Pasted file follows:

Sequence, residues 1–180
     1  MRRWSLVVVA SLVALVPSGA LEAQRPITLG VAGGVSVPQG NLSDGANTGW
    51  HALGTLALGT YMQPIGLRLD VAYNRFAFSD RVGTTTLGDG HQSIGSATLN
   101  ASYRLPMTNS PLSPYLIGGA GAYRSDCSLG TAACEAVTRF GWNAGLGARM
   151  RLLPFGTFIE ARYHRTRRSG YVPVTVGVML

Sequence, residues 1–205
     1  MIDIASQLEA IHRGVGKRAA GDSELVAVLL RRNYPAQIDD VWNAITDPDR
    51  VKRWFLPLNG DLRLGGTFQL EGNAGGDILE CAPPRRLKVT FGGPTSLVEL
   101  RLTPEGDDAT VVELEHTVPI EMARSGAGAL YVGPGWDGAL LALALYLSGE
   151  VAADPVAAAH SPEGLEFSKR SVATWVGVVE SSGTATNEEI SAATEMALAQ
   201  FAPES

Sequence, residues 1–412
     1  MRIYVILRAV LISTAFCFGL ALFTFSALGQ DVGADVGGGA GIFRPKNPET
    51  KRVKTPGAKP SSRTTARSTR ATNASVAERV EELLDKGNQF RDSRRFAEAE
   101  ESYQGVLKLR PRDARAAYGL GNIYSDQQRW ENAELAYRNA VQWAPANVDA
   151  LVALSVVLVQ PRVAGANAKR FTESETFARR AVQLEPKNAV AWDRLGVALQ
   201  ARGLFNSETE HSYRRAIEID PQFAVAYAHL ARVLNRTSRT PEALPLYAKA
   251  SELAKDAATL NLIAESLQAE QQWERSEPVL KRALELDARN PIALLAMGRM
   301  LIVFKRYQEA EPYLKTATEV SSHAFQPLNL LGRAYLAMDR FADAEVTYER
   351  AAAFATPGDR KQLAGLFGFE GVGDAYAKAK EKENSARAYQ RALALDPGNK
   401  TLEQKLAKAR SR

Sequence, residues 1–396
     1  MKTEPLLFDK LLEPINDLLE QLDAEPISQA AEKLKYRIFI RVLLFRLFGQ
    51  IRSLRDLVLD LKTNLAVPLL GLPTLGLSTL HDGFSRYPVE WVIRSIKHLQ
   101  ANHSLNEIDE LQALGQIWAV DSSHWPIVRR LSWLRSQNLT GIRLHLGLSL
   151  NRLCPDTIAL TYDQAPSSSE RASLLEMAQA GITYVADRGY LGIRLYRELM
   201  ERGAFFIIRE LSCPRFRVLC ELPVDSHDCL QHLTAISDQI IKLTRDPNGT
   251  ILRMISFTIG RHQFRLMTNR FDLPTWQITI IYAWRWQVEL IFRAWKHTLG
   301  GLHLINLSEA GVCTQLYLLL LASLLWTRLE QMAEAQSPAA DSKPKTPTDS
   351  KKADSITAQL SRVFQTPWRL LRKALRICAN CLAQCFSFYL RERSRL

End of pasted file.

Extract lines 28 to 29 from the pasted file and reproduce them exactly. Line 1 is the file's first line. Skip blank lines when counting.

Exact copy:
   251  ILRMISFTIG RHQFRLMTNR FDLPTWQITI IYAWRWQVEL IFRAWKHTLG
   301  GLHLINLSEA GVCTQLYLLL LASLLWTRLE QMAEAQSPAA DSKPKTPTDS